This piece isn’t a political statement,

it’s the result of my year of understanding Black Lives Matter.

In 2019, myself, my partner and my 13 year old daughter were living on the Creole side of New Orleans, just outside the french quarter, a delightful mixed neighborhood of creole, black, gay, trans, hispanic and more. We protested alongside our Black sisters and brothers, UNITED. But I felt a bit of a fraud. I spent my life saying “I’m from Detroit” but the truth of the matter is… I didn’t know the truth. I grew up in the suburbs of Detroit, the people of color in my world assimilated to a white culture, the children of color were adopted into white families. After 20 years in a western mountain town with 1% diversity I didn’t know jack or Uncle Tom.

So with reading lists everywhere I dove in. I started with a must read from two of my grown children, HEAVY,  a memoir of an american man, Kiese Laymon, followed by Ta-Nehisi Coates The Water Dancer set during the slave era. I entered the fascinating world of the black liberation movement and read memoirs of two women, Elaine Brown, A Taste of Power and ASSATA, an autobiography of Assata Shakur, an american currently living in political asylum in Cuba, I read the classics by Toni Morrison, I even tried Audre Lorde’s poetry. With each New Orlean’s house guest, we visited the plantations up river, bringing home books and filling in our pandemic evenings with movies on the civil rights movement, musiciens, artists etc. My daughter was at a local New Orleans school, and the diverse families were welcome in our home and we had fantastic rich conversations. Our neighbors shared porch time with us and we heard delightful and sometimes brutal tales of growing up in the NOLA projects or the deep south rural countryside.

As my parents health declined we came back to Michigan, reading the Urbanization of Detroit I found my ancestral place in this complicated story. My grandparents (3 out of 4) were german immigrants who settled in Detroit. They were urban farmers, who worked in the automobile industry by day and worked small farms weekends. They were Pattern makers, tool and die, trade unionist, Freemasons. They didn’t consider themselves racist, but they protected their trade, blacks were not welcome. If “they” were allowed to buy homes they would “ruin the neighborhood.” My family was part of White Flight that moved to the northern suburbs and could afford to put their children into private schools. I wasn’t taught “Hate” I was taught fear. The fear came from a well deserved fear of retaliation. Perhaps without a thorough understanding of the fear which I believe came from the guilt of our cruel treatment of blacks from the slave era through segregation there was always an expectation of retaliation. I believe this is what accounts for the insane suppression of americans fighting for their rights during the Black Liberation Movement, when Blacks for a second armed themselves and used anger to stand up to their “suppressors.” Looking at the history of the U.S. with current information its undeniable we are a racist nation, with a fight or flight instinct to “protect our own.”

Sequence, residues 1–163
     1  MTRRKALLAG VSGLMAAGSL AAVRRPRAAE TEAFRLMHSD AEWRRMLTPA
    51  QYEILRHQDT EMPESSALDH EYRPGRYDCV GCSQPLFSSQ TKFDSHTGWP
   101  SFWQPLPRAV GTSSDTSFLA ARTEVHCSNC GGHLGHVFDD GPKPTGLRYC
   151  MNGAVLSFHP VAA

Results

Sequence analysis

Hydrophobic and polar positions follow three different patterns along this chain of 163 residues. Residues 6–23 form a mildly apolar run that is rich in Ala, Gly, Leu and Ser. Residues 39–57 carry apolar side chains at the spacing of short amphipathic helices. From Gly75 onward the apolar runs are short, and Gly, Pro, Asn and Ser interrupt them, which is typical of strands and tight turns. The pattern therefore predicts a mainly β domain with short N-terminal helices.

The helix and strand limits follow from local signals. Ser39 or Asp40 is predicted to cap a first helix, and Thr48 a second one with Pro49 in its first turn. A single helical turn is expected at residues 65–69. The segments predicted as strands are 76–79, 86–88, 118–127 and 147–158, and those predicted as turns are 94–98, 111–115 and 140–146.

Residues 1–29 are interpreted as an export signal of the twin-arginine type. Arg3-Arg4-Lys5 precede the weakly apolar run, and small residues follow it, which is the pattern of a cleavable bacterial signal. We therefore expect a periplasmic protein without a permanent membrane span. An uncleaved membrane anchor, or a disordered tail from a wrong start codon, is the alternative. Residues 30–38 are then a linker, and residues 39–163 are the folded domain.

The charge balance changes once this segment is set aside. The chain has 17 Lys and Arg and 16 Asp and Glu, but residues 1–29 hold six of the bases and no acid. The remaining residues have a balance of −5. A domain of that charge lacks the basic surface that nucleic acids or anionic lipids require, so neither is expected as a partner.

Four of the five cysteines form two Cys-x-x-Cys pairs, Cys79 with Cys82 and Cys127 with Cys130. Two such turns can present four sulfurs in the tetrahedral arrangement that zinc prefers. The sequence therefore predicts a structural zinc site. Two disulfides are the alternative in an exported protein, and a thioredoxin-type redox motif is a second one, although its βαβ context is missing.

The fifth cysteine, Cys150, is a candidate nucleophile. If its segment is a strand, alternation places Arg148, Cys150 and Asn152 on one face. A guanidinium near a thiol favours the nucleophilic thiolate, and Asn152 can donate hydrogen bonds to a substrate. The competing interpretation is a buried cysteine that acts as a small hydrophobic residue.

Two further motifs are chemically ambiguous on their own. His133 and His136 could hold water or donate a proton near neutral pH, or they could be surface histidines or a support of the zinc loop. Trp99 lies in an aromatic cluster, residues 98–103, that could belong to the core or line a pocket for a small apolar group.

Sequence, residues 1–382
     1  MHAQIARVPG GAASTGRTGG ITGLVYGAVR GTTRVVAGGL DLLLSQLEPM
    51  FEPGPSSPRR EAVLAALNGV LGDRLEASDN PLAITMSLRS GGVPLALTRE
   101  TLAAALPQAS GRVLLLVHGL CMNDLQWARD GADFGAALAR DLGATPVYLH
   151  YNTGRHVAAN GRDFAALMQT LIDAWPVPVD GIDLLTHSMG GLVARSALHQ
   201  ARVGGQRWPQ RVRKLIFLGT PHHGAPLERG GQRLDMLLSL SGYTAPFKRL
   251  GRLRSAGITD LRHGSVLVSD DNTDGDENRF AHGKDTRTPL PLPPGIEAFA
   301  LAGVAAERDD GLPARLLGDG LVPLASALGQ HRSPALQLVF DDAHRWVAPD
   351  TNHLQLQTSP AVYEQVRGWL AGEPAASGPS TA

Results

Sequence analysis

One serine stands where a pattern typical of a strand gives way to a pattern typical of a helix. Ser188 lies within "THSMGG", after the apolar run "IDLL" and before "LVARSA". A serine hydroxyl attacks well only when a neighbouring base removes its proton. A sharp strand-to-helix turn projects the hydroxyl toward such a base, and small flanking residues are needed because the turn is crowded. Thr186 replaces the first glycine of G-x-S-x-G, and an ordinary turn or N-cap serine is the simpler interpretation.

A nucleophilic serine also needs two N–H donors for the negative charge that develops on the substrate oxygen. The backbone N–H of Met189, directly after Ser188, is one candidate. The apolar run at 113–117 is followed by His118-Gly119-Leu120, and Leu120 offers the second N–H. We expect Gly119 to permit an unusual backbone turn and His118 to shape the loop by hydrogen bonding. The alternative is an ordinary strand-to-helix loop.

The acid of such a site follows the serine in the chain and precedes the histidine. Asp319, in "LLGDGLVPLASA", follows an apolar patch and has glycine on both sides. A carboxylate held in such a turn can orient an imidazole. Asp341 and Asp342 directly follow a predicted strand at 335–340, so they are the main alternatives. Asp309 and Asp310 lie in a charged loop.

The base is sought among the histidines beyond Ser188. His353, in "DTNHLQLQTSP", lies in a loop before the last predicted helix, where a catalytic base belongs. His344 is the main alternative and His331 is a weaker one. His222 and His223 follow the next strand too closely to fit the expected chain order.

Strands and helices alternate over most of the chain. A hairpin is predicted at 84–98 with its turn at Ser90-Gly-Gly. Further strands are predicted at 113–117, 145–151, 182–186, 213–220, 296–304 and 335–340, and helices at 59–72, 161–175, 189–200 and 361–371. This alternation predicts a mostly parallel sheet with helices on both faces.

Anyway, all this created an intense understanding that Black Lives Must Matter to all of us. We must rise together as humans, that we are all part of the human race. Which brings me to Ho’Oponopono, a hawaiian prayer that is all applicable to me, myself, to you to us, to all situations.

I Love You, I’m Sorry, Please forgive me, and Thank you

To help define what I love, what I am sorry for, what needs forgiveness and what I am grateful for I used collage of mostly black and white photos. Here are the Heroes of this movement, musicians, civil rights fighters, judges, those that lost their lives due to racism, those who live them in spite of racism, the children and women of our future generations. Here are the atrocities and here is my ask that on all sides we find forgiveness and start a new.

We now live in a Detroit house that needs some, ok, lots of TLC. It borders an upscale neighborhood of La Salle Gardens, that is being revitalized, some of our neighbors are families that never left Detroit and many are young people jumping at the opportunity to own and they have jobs to be able afford the uninviting city taxes. We overlook Linwood Ave which bustles with gritty street life. We look forward to cycling the neighborhoods this summer, loving the architecture and in search of authentic vs super trendy finds. And since we are still wearing masks I tend to wave to make sure you can tell I am smiling and sending love, Thank you Detroit for the warm welcome.